As a freelance worker or an independent contractor, you are responsible for everything from office supplies and conference fees to education costs and travel expenses. Before signing a freelance or consulting contract with any client, carefully consider expected expenses. Some clients may cover essential expenses like travel-related costs. However, you may have to incorporate optional expenses like conference fees and continuing education costs into your standard rate without positioning them as additional expenses.

Choosing a work location

As an employee, your company decides where you work. You might go to the same office each day, or you might have to travel to various work sites each day of the week.

When you work as a freelancer, you choose where you work. You might have a home office, or you might rent office space in your local area. Sometimes, you might even work from cafes, libraries or other public spaces.

If you are an independent contractor, you might negotiate your work location for each project. Sometimes, you might work in your client’s office, or you might maintain your own workspace.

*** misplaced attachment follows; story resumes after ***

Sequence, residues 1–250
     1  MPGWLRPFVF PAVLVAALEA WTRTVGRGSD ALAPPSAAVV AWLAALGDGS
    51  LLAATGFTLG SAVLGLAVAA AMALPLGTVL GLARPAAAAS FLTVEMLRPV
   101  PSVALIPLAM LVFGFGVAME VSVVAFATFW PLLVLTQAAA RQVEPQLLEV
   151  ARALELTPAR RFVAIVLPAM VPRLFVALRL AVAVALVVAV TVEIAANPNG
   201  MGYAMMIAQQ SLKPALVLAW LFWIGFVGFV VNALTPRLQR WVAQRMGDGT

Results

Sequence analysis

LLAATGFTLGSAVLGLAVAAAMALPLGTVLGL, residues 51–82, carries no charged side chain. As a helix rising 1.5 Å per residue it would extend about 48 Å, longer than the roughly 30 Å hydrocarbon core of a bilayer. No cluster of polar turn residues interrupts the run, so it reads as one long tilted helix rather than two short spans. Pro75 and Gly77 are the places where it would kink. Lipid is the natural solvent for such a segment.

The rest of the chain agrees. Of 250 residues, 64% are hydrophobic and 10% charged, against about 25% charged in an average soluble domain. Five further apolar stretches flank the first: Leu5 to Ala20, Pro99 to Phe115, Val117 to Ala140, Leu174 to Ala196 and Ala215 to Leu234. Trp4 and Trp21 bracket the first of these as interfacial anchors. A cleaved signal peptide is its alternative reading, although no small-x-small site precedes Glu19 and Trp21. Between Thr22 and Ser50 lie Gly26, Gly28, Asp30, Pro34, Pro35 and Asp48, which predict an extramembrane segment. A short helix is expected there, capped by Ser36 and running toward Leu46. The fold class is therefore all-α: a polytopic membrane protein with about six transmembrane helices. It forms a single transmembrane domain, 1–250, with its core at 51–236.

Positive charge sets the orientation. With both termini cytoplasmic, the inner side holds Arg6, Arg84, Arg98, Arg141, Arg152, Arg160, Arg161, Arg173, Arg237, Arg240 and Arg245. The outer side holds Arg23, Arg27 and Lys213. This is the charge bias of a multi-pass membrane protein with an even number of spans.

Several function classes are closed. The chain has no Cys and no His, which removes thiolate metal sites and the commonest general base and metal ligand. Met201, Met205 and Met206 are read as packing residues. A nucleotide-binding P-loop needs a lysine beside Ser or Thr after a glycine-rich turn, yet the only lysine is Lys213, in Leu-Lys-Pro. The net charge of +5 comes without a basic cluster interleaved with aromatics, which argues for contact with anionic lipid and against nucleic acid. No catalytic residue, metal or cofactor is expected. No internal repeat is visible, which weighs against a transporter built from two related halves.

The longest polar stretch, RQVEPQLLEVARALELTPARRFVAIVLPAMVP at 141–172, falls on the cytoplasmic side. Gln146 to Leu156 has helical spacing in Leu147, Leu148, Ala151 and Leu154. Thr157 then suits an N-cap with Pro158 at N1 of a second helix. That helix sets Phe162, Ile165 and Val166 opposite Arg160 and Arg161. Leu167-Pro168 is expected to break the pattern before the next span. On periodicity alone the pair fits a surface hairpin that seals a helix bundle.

Read more: Work From Home Jobs That Pay Well

Hiring employees

When you are self-employed, you can hire employees or bring on contractors. As an independent contractor, you might own your own business. That means you can hire employees to do ongoing work or contract out smaller projects to freelancers.

While freelancers often work independently, they can seek help with completing projects. If you take on projects that require more time or expertise than you have, consider subcontracting work to other capable freelancers.